DETROIT — The last time Oakland Game 4 starter Dan Straily pitched in Comerica Park, he got the win and allowed only one run.
But it was a game when the A's scored 14 runs on his behalf, so for the second half of his six innings of work he was able to just throw the ball and challenge the Tigers to hit it.
``It was one of those bend-but-don't-break kind of outings,'' Straily said. ``It was good to get here in the ballpark and pitch before the game that really matters.''
That would be Tuesday's game when he starts against Detroit's Doug Fister.
Fister has pitched on a national stage before with the Tigers in the postseason for the third consecutive season and the right-hander having been a part of each of those runs. Straily, on the other hand, is scarcely known outside of Oakland after going 10-8 with a 3.96 ERA.
``Just because everyone hasn't heard of us doesn't mean that we don't belong here,'' Straily said, ``or that we aren't good enough to be here. We (starting pitchers) all know what we can do individually and accomplish as a group as well.''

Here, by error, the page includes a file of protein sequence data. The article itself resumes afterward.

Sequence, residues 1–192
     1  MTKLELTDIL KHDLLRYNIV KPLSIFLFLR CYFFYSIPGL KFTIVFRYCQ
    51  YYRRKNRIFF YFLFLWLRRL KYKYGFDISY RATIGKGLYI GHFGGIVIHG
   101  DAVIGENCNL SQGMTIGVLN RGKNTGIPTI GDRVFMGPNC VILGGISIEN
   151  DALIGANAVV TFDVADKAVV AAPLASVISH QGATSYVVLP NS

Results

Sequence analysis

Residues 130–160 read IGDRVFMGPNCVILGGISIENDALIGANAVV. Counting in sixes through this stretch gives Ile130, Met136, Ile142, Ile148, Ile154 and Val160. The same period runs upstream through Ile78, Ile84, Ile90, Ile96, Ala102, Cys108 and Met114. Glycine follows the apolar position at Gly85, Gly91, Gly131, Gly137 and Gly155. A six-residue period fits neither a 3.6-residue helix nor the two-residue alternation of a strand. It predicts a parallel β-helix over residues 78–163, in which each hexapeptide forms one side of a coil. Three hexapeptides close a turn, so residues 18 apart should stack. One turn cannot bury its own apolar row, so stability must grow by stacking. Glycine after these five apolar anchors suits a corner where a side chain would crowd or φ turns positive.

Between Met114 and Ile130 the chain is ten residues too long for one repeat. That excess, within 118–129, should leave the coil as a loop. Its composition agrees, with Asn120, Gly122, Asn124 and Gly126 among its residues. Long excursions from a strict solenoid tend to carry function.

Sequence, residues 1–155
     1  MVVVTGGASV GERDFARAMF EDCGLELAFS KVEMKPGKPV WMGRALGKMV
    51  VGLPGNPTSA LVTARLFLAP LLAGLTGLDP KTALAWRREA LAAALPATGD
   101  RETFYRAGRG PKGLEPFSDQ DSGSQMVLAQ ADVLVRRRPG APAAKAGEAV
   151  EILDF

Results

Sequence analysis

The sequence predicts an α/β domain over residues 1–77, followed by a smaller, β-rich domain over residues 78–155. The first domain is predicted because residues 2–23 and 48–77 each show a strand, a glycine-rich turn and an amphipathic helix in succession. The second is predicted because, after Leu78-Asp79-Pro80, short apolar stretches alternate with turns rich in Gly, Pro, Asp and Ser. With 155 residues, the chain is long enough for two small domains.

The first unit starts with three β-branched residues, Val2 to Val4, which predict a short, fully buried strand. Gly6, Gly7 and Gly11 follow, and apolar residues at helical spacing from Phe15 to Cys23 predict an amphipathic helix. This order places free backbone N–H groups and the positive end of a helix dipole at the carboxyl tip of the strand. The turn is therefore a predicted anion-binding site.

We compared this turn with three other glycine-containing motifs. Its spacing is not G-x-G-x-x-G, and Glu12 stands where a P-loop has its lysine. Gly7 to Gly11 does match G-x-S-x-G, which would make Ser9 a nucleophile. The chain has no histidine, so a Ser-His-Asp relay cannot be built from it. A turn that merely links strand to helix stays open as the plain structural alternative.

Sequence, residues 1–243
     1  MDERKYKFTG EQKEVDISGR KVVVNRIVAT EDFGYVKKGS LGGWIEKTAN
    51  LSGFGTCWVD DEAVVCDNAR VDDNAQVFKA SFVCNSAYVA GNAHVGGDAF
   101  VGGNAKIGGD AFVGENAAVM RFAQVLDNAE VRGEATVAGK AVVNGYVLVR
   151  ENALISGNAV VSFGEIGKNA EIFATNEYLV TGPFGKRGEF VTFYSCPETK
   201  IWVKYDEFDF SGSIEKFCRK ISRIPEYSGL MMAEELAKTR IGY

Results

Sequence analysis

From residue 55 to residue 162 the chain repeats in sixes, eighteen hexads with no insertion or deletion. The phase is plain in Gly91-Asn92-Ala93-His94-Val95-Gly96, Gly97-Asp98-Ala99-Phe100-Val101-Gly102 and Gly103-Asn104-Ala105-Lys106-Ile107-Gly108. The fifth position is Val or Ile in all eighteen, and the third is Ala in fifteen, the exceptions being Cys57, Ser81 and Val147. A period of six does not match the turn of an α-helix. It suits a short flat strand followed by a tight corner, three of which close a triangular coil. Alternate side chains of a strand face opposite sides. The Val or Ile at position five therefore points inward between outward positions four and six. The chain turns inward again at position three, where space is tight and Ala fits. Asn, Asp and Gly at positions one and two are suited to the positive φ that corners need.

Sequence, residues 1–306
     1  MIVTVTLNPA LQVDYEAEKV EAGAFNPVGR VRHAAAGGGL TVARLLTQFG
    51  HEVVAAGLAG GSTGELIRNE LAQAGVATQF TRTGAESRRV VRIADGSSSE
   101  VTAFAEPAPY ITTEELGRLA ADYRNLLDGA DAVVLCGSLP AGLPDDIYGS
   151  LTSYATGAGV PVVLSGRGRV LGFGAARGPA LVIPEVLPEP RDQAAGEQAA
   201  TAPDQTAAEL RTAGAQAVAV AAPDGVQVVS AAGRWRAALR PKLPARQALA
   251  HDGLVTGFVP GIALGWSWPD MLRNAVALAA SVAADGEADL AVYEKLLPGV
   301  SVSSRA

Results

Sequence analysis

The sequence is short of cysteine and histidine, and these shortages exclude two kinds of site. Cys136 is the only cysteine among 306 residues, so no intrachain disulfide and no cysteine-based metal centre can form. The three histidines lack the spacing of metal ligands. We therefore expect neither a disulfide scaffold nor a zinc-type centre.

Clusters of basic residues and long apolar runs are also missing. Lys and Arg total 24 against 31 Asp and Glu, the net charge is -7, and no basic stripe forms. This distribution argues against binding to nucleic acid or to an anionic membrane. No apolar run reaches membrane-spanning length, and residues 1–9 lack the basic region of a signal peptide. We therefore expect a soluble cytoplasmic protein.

A's pitching coach Curt Young, talking before Monday's game, said Straily may be unknown, but he's anything but unqualified.
``To me, you don't really know what a guy is capable of until he's gotten 20, 25, 30 starts in his career,'' Young said. ``He's done that (34 starts, 27 this year) and now we as a team know what he can do and are comfortably knowing what we can expect from him in any start.''
And Young's expectations are high. Straily comes into the game with a 2.00 ERA in his last six starts, the first of which was the six-inning, eight-hit, one-run game he threw in Comerica Park on Aug. 28. Torii Hunter homered in the third inning with Oakland holding a 3-0 lead, and that was it for the Tigers offense, which five men on against Straily with the help of the A's defensive turning two double plays.
``He has a swing-and-miss slider,'' Young said of Straily. ``It's a pitch he'll throw to right-handers and left-handers. So if he can command his fastball, that makes the slider a great pitch for him.''
Most pitchers who throw sliders tend to throw them to right-handers or left-handers, but not to both. Young said Straily's pitch is one of the best around.
``It is that special of a pitch,'' Young said. ``He can backdoor it early in the count and use it for an out pitch later in the count. It's special.''